Tuesday, April 2, 2013

Making Peace with Medicine

When I first suffered such a massive heart attack and survived, I was just glad I survived.  They pumped me full of all kinds of drugs in the ICU.   I didn't realize the number of drugs I would ultimately be taking when I went home.

When it became clear that I would go home taking all the drugs that they were pumping through me via IV in pill form, I was pissed to say the least.  Me?  Take all these pills?  Really?  I rarely took ibuprofen.  Here I am with two blood pressure pills, a cholesterol pill, blood thinner and aspirin.  That is six pills a day that I have been cautioned against missing.  Really, it was stronger than that---take all these pills and don't miss them or you could die. 

Here is the thing, I don't take meds.  I have a hard time finishing a course of antibiotics.  Before you ask, yes I know that is a terrible thing.  I am just not a planner.  I fly through life mostly by the seat of my pants.  Living life like that makes for a fabulous time!  The problem is that you have to be a planner to take meds regularly.  Plus, I was someone that the day before my heart attack had a total cholesterol of 134 and a blood pressure of 110/70.  It was inconceivable that now, three days later I was on a lifetime of six cardiac pills a day.

When I went to the second cardiologist I wanted him to prove to me that I needed to take all these meds.  I had a hard time because I had changed my entire life style and you want me to still take the same drugs that some one who drinks, smokes and eats chicken fried steak and gravy for every meal after a heart attack takes?  How does that make any good sense?  How is it that there is a standard of cardiac meds that I have to take when each patient is not the same?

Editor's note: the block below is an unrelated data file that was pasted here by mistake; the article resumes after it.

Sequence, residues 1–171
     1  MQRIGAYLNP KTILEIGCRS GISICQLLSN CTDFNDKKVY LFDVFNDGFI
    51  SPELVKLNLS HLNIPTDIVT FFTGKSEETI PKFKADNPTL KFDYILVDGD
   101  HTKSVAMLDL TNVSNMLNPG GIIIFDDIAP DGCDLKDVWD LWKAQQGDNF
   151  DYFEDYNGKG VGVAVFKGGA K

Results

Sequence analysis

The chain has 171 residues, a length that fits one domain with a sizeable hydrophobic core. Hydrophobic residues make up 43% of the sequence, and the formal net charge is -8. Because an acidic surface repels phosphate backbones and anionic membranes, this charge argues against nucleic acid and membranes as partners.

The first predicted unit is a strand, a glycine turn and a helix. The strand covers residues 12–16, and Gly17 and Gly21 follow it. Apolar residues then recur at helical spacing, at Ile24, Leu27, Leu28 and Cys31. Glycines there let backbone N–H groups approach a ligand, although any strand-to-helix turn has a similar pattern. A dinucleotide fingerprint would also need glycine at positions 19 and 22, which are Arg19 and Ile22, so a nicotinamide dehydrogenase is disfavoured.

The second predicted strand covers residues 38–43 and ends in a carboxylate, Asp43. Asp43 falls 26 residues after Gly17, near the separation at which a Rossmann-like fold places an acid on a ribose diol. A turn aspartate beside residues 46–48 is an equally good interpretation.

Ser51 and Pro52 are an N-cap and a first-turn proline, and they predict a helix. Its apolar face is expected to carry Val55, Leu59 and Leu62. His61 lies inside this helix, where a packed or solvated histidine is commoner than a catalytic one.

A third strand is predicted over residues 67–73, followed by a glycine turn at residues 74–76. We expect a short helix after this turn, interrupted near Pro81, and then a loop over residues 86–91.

He and I discussed it for a long time and reluctantly I agreed to continue them.  He made some very good points.  He could tell that I was a medical googler and promptly gave me the links to the studies we discussed so I could read it myself.  I am a firm believer in questioning your doctor and I do. 

As I get farther from my heart attack, I have become accustomed to taking the medicine.  I also have warmed to the idea that if I want help staying alive, I probably will always take them.  It has become increasingly more important to me to stay alive than to be pill free.  Besides, perhaps I have always needed a little guidance in the planning department.  It forces me to plan a little!

I saw a new cardiologist yesterday and she busted my bubble about being able to quit the Plavix once I hit the year after the last placement of drug eluding stents in my LAD.  (The new cardiologist is another post all in itself.) Yes, I have had stents placed in the same artery twice.  June 11 would have been a year and I was told that I could stop taking the Plavix after a year. As much as I have been looking forward to stopping that pill,  I listened to her reason and actually felt relief that she wants me to continue taking it.  I have come to realize that even if I don't consider it good medicine to treat all cardiac patients the same, I have grown used to the peace the pills provide me. 

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